Harmon said he doubted that the trouble was in Marr's attitude. He thought Dave was trying to do too many things besides play serious tournament golf—things like the trips to Acapulco and Hawaii for the Jantzen ads and England for Shell's Wonderful World of Golf, to say nothing of his work as tournament chairman. "You can't beat fellows like Nicklaus and Casper with only half your concentration," said Harmon. ("You can't play every week," Marr says now. "And besides, all those Jantzen fellows are kings in their fields. Maybe some of the class rubbed off on me.")
At the same time Marr was getting some help with his swing from his good friend Johnny Pott. He widened his stance, gripped the club more firmly and began to go at the ball with more authority. Soon he was playing much better, and the following week at the Insurance City Open in Hartford, Conn. he led the tournament well into the final round. But on the 14th hole on Sunday his attention wandered, and he drove his tee shot out of bounds. He finished in a tie for third place, collecting a perfectly respectable check for $4,000. A couple of hours later he was home in Larchmont, thoroughly dejected. "Susan," he said, "I'm never going to win another tournament. There's too much dog in me."
The mood was only momentary. Marr was now playing the best golf of his career. Never a long hitter, his fairway woods and irons were as straight and true as any in golf. His sand shots, which he had learned from the alltime master of the bunkers, Harmon himself, were dependable, and his putting touch had returned.
Marr finished 11th at the Thunderbird, and then 12th at Philadelphia, but was still 25th on the money list as the PGA Championship began. Suddenly, everything he had been working on came together in four of the best rounds of golf he had ever played. Everyone said the Laurel Valley course was only for the big hitters, but Marr kept the ball out of the thick rough that was troubling the more muscular types. On the morning of the final day Dave awoke to find a note that had been slipped under his door by his cousin, Jack Burke Jr. All it said was, "Fairways and greens, Cuz." That was the way Dave played it.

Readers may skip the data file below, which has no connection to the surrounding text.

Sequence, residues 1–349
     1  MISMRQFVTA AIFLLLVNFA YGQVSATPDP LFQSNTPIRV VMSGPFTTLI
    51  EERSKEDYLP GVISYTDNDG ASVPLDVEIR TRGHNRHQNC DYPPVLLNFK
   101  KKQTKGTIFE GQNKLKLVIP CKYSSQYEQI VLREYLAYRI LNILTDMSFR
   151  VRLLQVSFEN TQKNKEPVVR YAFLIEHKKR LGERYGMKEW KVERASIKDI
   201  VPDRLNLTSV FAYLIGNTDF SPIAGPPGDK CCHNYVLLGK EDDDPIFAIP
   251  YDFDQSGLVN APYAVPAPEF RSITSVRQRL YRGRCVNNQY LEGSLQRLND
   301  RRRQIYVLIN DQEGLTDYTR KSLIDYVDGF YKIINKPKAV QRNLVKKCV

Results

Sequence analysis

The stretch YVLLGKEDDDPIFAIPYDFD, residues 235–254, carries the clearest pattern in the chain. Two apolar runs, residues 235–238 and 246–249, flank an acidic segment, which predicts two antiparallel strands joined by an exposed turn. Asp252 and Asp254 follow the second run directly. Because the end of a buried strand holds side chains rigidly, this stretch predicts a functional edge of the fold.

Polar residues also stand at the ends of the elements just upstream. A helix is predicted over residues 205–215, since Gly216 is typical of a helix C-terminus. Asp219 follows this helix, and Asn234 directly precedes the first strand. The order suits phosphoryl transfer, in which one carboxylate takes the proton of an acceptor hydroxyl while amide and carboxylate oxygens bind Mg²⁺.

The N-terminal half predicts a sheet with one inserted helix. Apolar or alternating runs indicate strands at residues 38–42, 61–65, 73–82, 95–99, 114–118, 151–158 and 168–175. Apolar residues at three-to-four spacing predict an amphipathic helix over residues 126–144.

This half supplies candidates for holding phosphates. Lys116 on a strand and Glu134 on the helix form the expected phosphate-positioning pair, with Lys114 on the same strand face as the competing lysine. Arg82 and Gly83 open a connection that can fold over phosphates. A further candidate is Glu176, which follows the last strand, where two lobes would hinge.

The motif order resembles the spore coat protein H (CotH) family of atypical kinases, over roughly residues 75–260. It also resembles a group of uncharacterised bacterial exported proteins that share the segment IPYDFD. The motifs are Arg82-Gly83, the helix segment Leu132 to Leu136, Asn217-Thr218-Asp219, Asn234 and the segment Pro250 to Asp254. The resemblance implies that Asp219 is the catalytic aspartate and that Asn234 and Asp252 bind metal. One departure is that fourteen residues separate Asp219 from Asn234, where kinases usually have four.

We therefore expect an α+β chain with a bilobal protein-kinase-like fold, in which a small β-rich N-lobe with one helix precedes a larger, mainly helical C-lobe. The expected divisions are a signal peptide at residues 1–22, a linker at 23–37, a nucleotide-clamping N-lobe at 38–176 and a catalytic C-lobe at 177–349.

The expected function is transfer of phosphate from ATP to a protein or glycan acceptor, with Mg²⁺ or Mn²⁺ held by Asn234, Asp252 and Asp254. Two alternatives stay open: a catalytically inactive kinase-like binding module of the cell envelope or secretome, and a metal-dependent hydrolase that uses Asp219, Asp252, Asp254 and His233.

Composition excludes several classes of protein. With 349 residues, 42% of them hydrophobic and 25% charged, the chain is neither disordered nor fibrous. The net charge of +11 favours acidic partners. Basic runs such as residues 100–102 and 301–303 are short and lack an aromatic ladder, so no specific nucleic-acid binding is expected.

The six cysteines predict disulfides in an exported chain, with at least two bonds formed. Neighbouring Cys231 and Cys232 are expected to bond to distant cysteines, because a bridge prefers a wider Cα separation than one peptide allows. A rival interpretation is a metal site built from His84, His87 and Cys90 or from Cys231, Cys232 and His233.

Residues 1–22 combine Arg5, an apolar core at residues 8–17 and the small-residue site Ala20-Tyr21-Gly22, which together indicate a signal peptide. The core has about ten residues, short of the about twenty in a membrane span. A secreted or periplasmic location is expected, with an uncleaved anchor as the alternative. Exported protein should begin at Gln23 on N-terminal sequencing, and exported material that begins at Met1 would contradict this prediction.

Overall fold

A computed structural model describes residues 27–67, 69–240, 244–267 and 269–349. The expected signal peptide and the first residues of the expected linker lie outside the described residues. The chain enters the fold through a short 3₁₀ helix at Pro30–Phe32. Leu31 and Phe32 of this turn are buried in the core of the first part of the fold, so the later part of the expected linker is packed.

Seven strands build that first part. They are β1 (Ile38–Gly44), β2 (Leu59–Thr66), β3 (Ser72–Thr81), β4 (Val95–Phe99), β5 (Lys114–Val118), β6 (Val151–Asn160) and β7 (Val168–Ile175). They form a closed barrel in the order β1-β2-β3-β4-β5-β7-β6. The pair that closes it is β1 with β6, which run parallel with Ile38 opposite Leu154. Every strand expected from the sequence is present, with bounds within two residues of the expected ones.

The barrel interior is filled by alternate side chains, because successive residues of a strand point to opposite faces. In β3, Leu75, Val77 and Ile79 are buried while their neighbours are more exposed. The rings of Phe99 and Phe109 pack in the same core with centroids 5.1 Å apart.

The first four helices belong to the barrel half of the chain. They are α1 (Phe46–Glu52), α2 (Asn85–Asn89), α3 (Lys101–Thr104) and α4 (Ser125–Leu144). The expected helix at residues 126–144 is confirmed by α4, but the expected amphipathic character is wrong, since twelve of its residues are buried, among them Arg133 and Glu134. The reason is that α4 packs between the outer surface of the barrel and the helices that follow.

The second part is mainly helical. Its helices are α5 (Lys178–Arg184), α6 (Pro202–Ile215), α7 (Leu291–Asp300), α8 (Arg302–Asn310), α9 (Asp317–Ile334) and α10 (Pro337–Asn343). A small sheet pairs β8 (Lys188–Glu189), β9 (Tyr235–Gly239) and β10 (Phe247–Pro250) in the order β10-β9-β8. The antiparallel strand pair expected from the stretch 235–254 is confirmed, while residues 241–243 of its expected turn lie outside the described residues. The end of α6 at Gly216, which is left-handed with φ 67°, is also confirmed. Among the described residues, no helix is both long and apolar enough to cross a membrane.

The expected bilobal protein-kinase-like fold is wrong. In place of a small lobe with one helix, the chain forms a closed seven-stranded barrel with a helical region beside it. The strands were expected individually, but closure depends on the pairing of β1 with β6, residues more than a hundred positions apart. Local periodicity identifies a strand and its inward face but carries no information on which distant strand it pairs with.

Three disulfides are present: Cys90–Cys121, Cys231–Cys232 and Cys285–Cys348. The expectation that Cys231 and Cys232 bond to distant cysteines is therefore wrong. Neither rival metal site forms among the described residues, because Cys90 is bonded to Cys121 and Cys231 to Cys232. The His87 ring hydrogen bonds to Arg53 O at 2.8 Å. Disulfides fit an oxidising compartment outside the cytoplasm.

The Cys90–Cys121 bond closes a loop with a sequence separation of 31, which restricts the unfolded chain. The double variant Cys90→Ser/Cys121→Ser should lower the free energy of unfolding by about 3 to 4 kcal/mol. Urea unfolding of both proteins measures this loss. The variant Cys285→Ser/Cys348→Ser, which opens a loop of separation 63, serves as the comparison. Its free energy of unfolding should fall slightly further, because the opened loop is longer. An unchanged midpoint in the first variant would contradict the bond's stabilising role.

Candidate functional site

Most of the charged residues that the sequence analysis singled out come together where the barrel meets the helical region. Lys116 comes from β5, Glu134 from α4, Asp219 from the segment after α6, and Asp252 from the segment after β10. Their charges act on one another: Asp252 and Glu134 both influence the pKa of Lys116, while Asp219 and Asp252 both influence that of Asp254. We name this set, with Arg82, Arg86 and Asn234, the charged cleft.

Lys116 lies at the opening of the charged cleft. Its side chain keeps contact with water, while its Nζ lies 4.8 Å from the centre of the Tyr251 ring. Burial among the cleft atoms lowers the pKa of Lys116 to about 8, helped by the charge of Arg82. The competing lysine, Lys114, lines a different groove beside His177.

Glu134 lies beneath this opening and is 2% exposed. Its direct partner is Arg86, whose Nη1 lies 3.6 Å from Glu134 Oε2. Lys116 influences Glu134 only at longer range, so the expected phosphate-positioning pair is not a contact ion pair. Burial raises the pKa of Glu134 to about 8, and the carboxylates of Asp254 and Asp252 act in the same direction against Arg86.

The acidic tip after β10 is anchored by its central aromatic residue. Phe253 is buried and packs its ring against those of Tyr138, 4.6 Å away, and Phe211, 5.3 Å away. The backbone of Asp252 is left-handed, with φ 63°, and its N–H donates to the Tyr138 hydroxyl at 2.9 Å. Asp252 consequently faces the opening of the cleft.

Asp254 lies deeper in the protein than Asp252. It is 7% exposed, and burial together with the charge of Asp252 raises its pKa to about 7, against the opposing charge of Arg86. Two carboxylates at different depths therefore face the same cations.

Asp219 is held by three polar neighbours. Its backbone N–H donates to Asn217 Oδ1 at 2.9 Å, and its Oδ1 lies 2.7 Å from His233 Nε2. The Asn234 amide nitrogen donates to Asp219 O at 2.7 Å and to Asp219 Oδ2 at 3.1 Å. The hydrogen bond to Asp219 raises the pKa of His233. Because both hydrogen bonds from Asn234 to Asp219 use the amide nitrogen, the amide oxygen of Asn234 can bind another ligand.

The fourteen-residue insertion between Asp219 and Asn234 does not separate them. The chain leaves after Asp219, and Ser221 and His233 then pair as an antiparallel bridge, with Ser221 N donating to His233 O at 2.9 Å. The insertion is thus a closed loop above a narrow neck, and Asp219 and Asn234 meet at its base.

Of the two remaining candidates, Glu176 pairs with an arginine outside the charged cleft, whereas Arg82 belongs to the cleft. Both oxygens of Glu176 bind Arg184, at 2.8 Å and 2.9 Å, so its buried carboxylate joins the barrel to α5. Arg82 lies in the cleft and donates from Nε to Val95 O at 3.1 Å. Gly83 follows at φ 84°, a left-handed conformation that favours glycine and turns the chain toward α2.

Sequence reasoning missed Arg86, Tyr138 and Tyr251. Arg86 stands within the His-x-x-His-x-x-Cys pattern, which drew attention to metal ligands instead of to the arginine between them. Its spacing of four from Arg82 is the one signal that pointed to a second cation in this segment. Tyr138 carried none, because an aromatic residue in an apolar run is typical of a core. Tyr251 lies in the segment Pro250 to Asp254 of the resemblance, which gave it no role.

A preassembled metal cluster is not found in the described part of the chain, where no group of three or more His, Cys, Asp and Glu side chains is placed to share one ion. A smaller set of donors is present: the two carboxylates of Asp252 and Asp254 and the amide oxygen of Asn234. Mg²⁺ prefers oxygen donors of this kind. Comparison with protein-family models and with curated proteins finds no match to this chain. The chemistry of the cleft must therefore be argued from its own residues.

When it was all over Dave Marr was suddenly swept by strong emotions. "The money, the $25,000," he said in front of the reporters in the press tent, many of whom were almost as pleased at his success as he was, "that's for me. The victory, the championship—that's for all the people who helped me along the way: Claude Harmon and Robie Williams and Mr. Lynch and Mr. McCormac and Mr. Shattuck at Winged Foot and Mr. Dunphy at Seminole...." His voice broke, and he wiped some tears from his eyes, and then came that Marr smile. "I'm crying," he said, "but otherwise I'm very happy."
A few hours later, he was sitting on the terrace at the rear of Arnold and Winnie Palmer's house. By now the news had arrived that Susan had had her baby and was doing fine. A group of friends was seated around Dave, he had a glass of fine whiskey in his hand and he was happy. Slowly, the real Dave Marr began to surface out of the day's excitement. He recalled how Gary Player had given away his $25,000 U.S. Open purse. "Damn it," he said, "I had my speech all ready for the presentation ceremony, but I was so rattled I forgot it. I meant to say I was keeping the check and giving away Gary."